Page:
When the alternative path is the right path
Bill Thies was a top student. At the end of undergrad, he had a perfect GPA and a world of opportunities. When he graduated from MIT with his PhD in computer science in 2008, Bill was at the top of his field with tenure-track faculty offers from Stanford and Berkeley. He was also interested in a dramatically different alternative — to live in India and develop technology to impact global disparities in health, education and livelihood.
How and why he made this choice is the perfect story that follows.
As an undergraduate, Bill was seeking ways to learn about developing countries. The question was how to find the resources at MIT to help in this search. Coincidentally, he learned about a lecture series run by EECS Prof. Saman Amarasinghe on disseminating health information in remote rural areas. In fact, Michael Dertouzos, then LCS director, spoke at this event about the lab’s commitment to targeting technology for the benefit of global health and well-being. Bill notes about this convergence: “I was stunned, not only by the resonance with my interests, but by a divine coincidence: Saman was already supervising my UROP on an unrelated topic! Herein was born the greatest gift that MIT would offer me: a deep connection with a mentor and role model who championed my personal development for almost a decade.”
Things moved quickly after that. Without hesitation (or applying to other graduate schools), Bill enrolled for his PhD at MIT continuing with Prof. Amarasinghe. Soon Bill traveled with him to explore opportunities in Sri Lanka and India where new technology could have an impact on poor communities. He notes: “Saman already knew the ropes – both as a native of Sri Lanka, and as founder of the first Internet Service Provider in the country.”
For Bill, everything in India and Sri Lanka was new and unfamiliar. To get his feet wet, Bill helped in the 2002 development of several projects including Time Equals Knowledge (TEK), an email-based search tool for users in low-connectivity environments. In collaboration with LCS affiliate Libby Levison and many students, they deployed this tool and logged usage from diverse individuals − students, farmers, even priests − in remote areas out of Internet reach.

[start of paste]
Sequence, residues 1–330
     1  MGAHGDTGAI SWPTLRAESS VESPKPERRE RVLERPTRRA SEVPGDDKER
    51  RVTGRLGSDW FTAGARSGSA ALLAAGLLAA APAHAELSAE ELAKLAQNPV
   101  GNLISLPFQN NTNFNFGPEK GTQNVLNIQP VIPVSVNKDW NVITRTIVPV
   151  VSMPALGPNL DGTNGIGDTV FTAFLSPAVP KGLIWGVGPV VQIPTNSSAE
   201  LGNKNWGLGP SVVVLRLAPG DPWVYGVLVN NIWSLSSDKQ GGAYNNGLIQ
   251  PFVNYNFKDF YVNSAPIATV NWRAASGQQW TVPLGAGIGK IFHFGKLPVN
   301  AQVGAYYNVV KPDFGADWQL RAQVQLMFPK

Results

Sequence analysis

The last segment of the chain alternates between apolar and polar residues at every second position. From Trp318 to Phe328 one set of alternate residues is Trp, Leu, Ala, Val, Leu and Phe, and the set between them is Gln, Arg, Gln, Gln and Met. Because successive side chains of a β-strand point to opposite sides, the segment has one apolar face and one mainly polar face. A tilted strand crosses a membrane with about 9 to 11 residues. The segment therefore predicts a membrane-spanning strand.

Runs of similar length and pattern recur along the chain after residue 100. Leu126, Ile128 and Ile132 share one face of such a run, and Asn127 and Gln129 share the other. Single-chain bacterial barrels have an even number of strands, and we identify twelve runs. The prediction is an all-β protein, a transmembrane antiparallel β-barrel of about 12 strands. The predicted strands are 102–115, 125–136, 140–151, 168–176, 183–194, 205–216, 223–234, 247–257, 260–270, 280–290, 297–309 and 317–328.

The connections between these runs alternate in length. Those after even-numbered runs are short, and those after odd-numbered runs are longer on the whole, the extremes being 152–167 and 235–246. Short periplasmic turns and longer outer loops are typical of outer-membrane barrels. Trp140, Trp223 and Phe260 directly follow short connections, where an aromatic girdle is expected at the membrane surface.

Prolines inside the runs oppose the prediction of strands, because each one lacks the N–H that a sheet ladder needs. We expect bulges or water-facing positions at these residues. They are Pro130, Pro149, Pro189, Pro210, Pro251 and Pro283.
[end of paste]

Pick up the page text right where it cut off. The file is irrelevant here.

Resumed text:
Although he says it was gratifying to have a taste of technology’s impact in these surroundings, Bill recalls the development of his thinking: “The more we worked to enable information retrieval in developing regions, the more we realized that the most profound unmet need was not in consuming information, but in producing information. The Internet took off only with the rise of user-generated content − Facebook, YouTube, Twitter − where everyone has a voice and a global audience. For a low-literate farmer in rural India, owning a basic mobile phone and speaking only the local language, producing content may have very different meaning. A number of questions followed. Can we give this population a ‘voice’? And will an international audience listen? Can farmers leverage this ability to improve their daily lives?”
With Saman’s group, Bill helped build a prototype of an ‘audio wiki’: an Interactive Voice Response (IVR) system to enable callers to both record and listen to audio content. In audio format, the content became accessible to low-income populations – without smart phones or Internet connectivity or even literacy.